May 30, 1992 |
Whoopi Goldberg and composer Herbie Hancock pair up to spin a sprightly African folk tale about the clever son of a chief looking for respect in "Koi and the Kola Nuts," an audio release from Rabbit Ears' "We All Have Tales" series. Hancock composed the eccentric, percussive score; his keyboard wizardry is complemented by African percussionist Bill Summers. Side 2 of the recording is instrumental with strong adult appeal.
February 25, 1990 |
They are not fancy or overfed goldfish, though they are distantly related, but a kind of carp, better known by the more elegant Japanese name of koi. Fanciers call them "living jewels" for their bright, often metallic colors, and in a garden pond they indeed sparkle like cut or colored stones in the clear water. Clear water is absolutely essential for keeping koi and is the reason they are not more common in garden ponds.
February 23, 1990 |
Ever since the blue letters spelling Columbia Studios appeared on the gates of the former MGM lot last month, Hollywood has been rife with speculation about Sony Corp.'s supposedly grand plans for the property. At least a few things are clear: Yes, Sony's Columbia Pictures unit envisions some fancy new buildings on the Culver City movie lot that it acquired from Time Warner Inc.--sooner or later.
January 27, 1989 |
The pond churned in a Technicolor boil. Big, gaping fish mouths surged to the surface as Joseph Akiyama cast feed pellets on the water. The splashing increased. The vivid colors of the koi--red, black, white, gold and metallic black--became a blur. "They'll eat a lot," Akiyama sighed, the gurgle of a waterfall at his goldfish farm almost drowning out his soft voice. "It's a good thing their teeth are in their throats," added his wife, Sumie.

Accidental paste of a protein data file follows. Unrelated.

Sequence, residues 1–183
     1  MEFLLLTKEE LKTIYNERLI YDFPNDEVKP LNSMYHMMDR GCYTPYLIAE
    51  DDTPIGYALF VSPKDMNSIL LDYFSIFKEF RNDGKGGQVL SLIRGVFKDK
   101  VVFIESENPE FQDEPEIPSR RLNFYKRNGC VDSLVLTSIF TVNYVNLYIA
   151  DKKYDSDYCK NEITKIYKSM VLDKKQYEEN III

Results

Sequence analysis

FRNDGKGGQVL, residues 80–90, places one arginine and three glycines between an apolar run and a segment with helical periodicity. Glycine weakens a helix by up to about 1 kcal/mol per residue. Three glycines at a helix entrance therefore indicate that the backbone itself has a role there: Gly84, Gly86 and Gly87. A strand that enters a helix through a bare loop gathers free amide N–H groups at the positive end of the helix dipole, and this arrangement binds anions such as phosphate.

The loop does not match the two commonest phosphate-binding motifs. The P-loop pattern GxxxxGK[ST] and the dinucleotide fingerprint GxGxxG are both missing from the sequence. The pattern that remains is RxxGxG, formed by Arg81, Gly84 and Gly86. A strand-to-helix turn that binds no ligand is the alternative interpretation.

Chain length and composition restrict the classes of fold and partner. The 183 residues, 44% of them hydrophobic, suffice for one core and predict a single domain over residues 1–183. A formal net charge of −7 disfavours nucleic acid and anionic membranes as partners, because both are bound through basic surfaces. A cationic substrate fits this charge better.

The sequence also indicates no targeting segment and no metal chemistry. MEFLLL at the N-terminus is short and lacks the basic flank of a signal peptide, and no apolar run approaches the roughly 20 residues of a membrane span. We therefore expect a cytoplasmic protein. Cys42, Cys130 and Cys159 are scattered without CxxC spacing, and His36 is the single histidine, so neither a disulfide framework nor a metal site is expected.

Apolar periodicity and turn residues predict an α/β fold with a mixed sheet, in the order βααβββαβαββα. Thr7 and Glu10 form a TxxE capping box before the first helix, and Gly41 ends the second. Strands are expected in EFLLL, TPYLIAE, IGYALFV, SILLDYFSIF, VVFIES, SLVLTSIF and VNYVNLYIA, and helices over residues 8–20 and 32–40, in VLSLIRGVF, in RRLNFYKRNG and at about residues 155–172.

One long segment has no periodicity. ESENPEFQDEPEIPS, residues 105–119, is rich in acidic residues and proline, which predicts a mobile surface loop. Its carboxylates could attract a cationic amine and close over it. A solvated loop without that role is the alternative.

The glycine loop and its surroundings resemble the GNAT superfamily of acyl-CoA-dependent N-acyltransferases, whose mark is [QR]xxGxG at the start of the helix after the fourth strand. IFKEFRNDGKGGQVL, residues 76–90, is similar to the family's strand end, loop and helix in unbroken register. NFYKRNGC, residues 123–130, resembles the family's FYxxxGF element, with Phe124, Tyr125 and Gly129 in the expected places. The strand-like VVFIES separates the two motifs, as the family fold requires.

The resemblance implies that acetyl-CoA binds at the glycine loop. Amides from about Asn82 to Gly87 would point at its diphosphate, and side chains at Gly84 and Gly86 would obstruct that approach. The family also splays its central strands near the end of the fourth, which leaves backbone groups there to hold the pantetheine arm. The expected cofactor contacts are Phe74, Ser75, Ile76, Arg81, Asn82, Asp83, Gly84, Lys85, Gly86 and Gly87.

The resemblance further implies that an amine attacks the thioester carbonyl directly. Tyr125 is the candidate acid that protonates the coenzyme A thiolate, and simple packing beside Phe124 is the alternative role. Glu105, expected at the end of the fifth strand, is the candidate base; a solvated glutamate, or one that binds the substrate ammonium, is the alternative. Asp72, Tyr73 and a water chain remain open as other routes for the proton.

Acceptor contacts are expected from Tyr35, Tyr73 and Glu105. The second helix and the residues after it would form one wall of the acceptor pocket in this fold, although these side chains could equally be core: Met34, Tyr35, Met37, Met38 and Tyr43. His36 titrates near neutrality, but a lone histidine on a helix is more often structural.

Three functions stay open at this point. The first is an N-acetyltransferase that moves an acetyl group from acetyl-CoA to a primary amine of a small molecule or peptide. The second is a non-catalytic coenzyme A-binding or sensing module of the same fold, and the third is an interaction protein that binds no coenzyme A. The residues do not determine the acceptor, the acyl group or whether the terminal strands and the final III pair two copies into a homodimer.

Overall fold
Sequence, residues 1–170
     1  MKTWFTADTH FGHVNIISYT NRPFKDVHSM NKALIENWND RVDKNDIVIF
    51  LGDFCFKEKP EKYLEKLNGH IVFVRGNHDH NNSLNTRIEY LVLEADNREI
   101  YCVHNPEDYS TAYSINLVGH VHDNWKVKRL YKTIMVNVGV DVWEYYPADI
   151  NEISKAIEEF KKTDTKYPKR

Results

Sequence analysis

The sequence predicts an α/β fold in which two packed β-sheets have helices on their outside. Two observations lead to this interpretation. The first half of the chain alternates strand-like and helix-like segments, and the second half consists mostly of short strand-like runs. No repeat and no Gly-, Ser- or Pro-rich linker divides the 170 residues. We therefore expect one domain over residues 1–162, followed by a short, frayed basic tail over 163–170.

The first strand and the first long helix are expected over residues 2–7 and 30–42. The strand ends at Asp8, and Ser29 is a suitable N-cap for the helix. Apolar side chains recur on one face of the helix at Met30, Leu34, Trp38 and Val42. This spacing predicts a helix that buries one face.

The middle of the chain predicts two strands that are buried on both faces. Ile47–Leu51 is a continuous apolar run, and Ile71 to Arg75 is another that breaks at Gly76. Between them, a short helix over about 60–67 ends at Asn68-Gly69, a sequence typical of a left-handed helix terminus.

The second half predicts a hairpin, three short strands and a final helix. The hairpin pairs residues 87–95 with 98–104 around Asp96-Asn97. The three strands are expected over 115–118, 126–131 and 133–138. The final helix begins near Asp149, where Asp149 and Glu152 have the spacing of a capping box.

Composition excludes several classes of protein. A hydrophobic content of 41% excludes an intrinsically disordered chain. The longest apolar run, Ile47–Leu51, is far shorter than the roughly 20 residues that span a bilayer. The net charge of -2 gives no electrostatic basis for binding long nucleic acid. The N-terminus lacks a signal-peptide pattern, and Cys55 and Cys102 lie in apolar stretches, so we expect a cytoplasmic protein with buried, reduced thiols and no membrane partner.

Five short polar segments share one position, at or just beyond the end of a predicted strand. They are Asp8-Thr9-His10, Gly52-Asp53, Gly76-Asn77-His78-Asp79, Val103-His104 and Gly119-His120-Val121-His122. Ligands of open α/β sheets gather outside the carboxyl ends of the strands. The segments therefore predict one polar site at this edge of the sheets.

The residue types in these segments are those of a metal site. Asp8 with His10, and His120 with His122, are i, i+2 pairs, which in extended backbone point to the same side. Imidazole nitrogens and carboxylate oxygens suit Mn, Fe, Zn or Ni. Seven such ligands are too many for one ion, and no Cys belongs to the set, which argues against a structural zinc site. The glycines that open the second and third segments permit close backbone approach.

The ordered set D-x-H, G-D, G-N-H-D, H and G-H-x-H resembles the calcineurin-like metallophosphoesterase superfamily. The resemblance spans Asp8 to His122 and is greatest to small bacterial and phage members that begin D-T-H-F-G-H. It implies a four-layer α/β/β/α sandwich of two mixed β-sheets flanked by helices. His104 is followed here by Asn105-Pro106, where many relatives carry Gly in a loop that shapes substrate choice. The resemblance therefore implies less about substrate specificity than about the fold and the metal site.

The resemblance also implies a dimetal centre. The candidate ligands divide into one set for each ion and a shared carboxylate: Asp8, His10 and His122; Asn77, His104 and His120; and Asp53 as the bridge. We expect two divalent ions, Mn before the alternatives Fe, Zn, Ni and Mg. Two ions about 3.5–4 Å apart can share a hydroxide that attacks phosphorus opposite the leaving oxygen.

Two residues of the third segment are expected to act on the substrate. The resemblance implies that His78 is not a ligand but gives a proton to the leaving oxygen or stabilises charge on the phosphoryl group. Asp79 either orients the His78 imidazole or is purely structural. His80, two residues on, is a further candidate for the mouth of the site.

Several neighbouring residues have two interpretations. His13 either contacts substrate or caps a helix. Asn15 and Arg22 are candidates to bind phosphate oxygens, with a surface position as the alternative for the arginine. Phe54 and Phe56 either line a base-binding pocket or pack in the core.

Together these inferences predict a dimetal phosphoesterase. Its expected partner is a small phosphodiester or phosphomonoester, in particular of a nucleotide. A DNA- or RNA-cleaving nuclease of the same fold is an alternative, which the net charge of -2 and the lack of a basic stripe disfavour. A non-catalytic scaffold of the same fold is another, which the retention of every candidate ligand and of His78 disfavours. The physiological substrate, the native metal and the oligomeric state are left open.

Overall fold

CALIFORNIA | LOCAL
November 27, 1988 |
If you want to get under Bill Ward's skin, really make him grit his teeth and turn testy, just call them "those big goldfish." Goldfish? Hardly. These fish, which Ward helps raise on a pond-dotted parcel in the rolling hills of Fallbrook, can sell for up to $150,000. They're nurtured like prized racehorses. If they're ill, surgery is sometimes performed. Some have been known to live more than 200 years. No, these aren't something you pick up at a dime store.
CALIFORNIA | LOCAL
July 30, 1987 |
Moved by reports that Descanso Gardens may have lost up to 90 expensive Japanese fish to thieves, a collector said she will donate about 25 brightly colored koi to the Los Angeles County-run arboretum in La Canada Flintridge. "I'm getting to the age where I can't maintain my fish, and I know they'll have a good home at Descanso," said Evelyn O'Neil, a 65-year-old retired nursing assistant from Mission Hills.
July 16, 1987 |
Troubled by the disappearance of 60 expensive Japanese fish, officials at Descanso Gardens have accepted a Norco firm's offer to implant some of the remaining koi with a silicon chip that would provide identification in case of theft. Frank Manwarren, a Glendale resident and sales representative for American Veterinary Identification Services , said he asked his firm to donate the devices after reading about the suspected theft of the fish several weeks ago.
July 2, 1987 |
Something fishy is going on at Descanso Gardens in La Canada Flintridge. Employees say about 60 koi--which look like oversized goldfish and glide gracefully through Descanso's ponds and streams--have disappeared in the past three months. At first, officials suspected that raccoons and blue herons, two natural predators that prowl the Los Angeles County-run gardens, were feasting on the expensive Japanese fish.
November 8, 1986 |
American carp are garbage fish good for grinding into gefilte or for denigrating as drowsy targets at bowfishing contests. They eat weeds like underwater lawn mowers. Their flavor is that of a pincushion dipped in Pennzoil. Carp are a palatable food in Europe and Asia, but that's where they also consider monkey brains and thymus glands to be good eating. On the other end of these scales, there's the koi.